Tell me how everybody in  McHenry County gets off easy, again?

The Advantage Group (T.A.G.) is gone. This is a shame.

Northwest Herald is reporting today on the demise of The Advantage Group.  This is a bad thing.  Going back to my days as a fresh-faced attorney in the McHenry County Juvenile Court system, I’ve had a lot of clients involved in T.A.G.  While I’m not a huge fan of a lot of substance abuse programs, I always respected T.A.G.  It’s really a shame that things having nothing to do with the success of the kids in the program are what has forced it to close its doors:

“The Advantage Group, based in Crystal Lake, shut down for lack of funding. The group lost funding from the McHenry County Mental Health Board last year after an audit revealed multiple fiscal irregularities, and another controversy scrapped a last-ditch effort to secure a $49,000 payment to stay afloat.
The group unsuccessfully took the Mental Health Board to court, and the audit prompted an ongoing state investigation into TAG’s finances. Executive Director Pat Owens pinned blame for the closing squarely on the board, which disburses property-tax revenue to agencies working with the mentally ill and disabled.”

If you haven’t seen, the McHenry County Mental Health board has (rightfully) come under fire lately.  It’s never good to see politics getting in the way of helping kids recover.  It looks like T.A.G. may not have been immune, though:

The Mental Health Board, most of whom are new members after a significant County Board shakeup, was poised last month to give TAG the $49,000 payment. But Owens abruptly withdrew the request the morning of the scheduled vote. It was later revealed that TAG was asked to do so because of allegations the group had violated its tax-exempt status by endorsing political candidates.

I’m not going to claim to know Pat Owens. I have enough experience with the program to believe that after decades of working with these kids, though, she didn’t intend to do anything to jeopardize T.A.G’s future. I believe it when she says the political endorsements are a mistake and she didn’t know it was a “no-no” for a tax exempt organization.

Even if it weren’t, it’s still sad to see a good program die for reasons that have nothing to do with the quality of the program.  It’s difficult enough to get good rehabilitation programs in McHenry County, the county can’t afford to lose one. Especially a good one.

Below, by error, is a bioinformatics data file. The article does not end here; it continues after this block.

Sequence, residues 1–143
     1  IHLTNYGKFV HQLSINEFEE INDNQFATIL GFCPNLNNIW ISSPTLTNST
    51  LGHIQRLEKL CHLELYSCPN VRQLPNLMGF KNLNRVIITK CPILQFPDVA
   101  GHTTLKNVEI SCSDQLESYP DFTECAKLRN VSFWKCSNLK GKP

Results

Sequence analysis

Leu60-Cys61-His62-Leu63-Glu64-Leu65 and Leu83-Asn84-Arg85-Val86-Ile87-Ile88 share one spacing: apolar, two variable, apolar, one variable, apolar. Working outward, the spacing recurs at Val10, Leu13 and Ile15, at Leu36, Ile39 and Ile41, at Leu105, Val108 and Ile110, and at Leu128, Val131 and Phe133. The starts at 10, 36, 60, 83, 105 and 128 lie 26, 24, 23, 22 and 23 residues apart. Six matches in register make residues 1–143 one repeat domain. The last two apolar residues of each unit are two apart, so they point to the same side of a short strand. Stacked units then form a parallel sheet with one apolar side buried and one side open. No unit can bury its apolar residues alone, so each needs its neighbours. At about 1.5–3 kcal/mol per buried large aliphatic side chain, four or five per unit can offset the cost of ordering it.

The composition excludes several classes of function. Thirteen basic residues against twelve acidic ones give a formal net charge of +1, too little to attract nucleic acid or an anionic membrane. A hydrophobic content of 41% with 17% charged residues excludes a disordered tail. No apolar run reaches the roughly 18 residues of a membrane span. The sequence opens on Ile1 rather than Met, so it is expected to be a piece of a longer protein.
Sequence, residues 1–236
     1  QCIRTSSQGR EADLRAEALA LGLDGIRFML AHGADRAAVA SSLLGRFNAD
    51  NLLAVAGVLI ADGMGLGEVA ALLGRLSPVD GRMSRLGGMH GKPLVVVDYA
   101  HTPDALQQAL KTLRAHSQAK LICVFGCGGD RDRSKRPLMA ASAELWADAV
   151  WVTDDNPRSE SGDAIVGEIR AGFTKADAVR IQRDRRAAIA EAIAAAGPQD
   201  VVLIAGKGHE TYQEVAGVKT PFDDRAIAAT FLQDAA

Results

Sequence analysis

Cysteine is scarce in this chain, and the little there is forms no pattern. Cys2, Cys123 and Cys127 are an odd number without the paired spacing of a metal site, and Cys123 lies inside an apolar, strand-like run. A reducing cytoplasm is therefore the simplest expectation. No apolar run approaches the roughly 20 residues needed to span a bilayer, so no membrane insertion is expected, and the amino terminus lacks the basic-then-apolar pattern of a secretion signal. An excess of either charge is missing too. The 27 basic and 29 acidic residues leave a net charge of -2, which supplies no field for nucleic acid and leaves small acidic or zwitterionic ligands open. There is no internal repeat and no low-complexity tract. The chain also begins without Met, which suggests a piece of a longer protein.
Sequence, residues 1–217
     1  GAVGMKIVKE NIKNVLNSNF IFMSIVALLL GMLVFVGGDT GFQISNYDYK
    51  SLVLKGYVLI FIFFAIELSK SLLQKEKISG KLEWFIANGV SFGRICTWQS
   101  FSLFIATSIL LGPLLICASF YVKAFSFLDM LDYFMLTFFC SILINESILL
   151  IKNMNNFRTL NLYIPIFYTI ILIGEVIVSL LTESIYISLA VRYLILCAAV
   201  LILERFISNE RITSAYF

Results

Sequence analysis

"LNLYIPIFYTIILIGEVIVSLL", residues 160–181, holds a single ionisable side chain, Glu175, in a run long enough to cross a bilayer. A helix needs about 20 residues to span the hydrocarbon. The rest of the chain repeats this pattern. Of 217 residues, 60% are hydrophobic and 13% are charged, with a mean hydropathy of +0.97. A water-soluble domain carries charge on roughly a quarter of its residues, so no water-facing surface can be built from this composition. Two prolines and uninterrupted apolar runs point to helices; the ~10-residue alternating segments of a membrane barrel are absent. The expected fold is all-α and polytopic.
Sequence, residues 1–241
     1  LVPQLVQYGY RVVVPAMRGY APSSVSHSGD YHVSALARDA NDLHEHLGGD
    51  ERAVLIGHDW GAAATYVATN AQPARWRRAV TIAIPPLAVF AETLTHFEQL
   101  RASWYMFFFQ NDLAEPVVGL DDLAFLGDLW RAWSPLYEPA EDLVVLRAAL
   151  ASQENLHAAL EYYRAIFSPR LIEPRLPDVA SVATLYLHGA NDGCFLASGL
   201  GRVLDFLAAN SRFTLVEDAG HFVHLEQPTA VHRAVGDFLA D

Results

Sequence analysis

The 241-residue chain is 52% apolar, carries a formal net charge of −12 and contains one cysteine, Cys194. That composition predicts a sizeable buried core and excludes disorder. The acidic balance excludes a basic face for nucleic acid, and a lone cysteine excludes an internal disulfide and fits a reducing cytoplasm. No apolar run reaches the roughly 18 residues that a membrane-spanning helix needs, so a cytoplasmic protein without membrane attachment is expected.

No Rehab in Bull Valley’s Back Yard!

Interesting article in the Northwest Herald today.  It seems that somebody has proposed polluting the pristine woodlands and rolling hills of Bull Valley with a “Rehab Center.”  According to the article:

“Representatives from La Voie Inc. appeared in front of the Bull Valley zoning board Monday night for a public hearing on a special permit for a group home for adolescent and adult males recovering from drug and alcohol addiction.”

Now, I used the term “polluting” facetiously.  The local residents, on the other hand, would not:

“Residents voiced concerns about declining property values, noise and traffic that would come with the business, Keinz said.
Todd Scheel, who lives next door, said the effect on property values is a main concern, but it’s not the only thing he’s worried about. The house, he said, could be detrimental to the neighborhood’s safety.
“You will do stupid things to get drugs, to get money,” Scheel said.”

While I can appreciate the local Bull Valley resident’s concerns about having people struggling with drug and alcohol addiction in their neighborhood, I can’t help but wonder if those concerns are remotely valid.  There certainly have been people who have done dumb things for drug money.  My experience is that the overwhelming majority of people stealing for drug money are stealing from people they already know, though.  Plus, what’s with the assumption that there aren’t a bunch of people living in Bull Valley who aren’t already suffering from addiction of alcohol or drugs.  Are they out thieving?

So, to that end, I’d agree with the people proposing the rehab center:

“Kyle Oremus, president of La Voie Inc., said that perception was part of an unfortunate stigma that surrounds addiction.